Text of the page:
Magazine March 19, 2018, Issue

The Week

((Roman Genn))

• We don’t even want public-school teachers teaching our kids.

• Historically, the National Rifle Association has derived its political power from two sources. The first is the broad popularity of gun rights, which is sufficient now to ensure that if the NRA disappeared tomorrow it would be swiftly replaced with a similar outfit. The second is that it has retained its singular focus on gun rights. If, in the future, its influence begins to wane, it will be because it has begun to lose that focus. Consider, by way of example, Wayne LaPierre’s speech to CPAC in the wake of

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In This Issue

Articles

Features

Books, Arts & Manners

Books

Seizing the Future

Arthur Herman reviews The Wizard and the Prophet: Two Remarkable Scientists and Their Dueling Visions to Shape Tomorrow’s World, by Charles C. Mann.

Sections

Letters

Letters

Rejecting Despair While admitting that William F. Buckley Jr. himself would probably have a more optimistic take, Richard Brookhiser writes: “The conservative movement is no more. Its destroyers are Donald Trump ...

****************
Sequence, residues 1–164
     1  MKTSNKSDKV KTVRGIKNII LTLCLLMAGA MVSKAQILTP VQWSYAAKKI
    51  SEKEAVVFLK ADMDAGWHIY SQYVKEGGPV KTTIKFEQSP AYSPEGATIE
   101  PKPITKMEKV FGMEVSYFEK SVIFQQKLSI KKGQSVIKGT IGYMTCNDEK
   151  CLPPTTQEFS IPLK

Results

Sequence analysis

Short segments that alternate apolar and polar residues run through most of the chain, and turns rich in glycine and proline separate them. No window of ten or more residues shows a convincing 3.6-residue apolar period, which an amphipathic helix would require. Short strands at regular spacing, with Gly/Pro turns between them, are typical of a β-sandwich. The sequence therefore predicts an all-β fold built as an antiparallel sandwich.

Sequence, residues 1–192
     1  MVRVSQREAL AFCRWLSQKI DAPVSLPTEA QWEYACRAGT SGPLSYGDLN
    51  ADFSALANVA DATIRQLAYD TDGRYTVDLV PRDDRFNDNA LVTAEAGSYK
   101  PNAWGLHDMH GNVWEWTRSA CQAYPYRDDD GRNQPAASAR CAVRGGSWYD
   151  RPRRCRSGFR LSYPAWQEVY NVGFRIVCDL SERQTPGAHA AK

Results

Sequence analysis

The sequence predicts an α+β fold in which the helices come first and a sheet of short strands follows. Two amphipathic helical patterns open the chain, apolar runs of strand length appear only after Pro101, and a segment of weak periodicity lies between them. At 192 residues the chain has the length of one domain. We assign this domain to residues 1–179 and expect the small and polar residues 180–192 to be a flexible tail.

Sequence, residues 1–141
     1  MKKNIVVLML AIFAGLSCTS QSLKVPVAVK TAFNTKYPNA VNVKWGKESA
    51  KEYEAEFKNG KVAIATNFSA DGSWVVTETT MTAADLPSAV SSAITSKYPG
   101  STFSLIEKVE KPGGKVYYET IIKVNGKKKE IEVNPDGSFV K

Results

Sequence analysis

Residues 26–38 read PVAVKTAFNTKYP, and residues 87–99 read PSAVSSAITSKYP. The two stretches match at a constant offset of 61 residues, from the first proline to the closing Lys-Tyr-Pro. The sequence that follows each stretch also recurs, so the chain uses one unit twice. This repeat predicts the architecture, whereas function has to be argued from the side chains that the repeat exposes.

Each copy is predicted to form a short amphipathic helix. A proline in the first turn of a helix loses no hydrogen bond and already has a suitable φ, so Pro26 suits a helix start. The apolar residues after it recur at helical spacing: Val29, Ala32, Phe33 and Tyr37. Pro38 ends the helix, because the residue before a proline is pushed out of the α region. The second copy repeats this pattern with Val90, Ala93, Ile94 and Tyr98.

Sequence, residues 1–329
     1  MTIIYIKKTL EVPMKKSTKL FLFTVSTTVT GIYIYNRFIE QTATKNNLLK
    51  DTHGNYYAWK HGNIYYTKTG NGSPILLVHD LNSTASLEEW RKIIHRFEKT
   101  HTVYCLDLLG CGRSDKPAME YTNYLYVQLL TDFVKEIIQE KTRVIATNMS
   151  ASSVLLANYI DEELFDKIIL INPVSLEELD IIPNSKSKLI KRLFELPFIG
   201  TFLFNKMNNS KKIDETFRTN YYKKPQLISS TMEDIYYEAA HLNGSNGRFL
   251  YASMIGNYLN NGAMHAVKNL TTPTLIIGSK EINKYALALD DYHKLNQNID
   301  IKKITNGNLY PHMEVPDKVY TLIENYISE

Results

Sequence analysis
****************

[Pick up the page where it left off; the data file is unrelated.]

The Week

The Week

• We don’t even want public-school teachers teaching our kids. • Historically, the National Rifle Association has derived its political power from two sources. The first is the broad popularity of ...
Poetry

Poetry

Sometimes the frost comes early when it might have held its crystallizing of the leaves.
Happy Warrior

Brushing Alone

Your views on Delta Airlines and Hertz rental cars now correspond to how compelling you found the cable-news appearances of a survivor of the Parkland school shooting.

Recommended

The Dossier Deceit

The Dossier Deceit

John Durham’s latest indictment reinforces that the Russian collusion conspiracy was built on a preposterous foundation.

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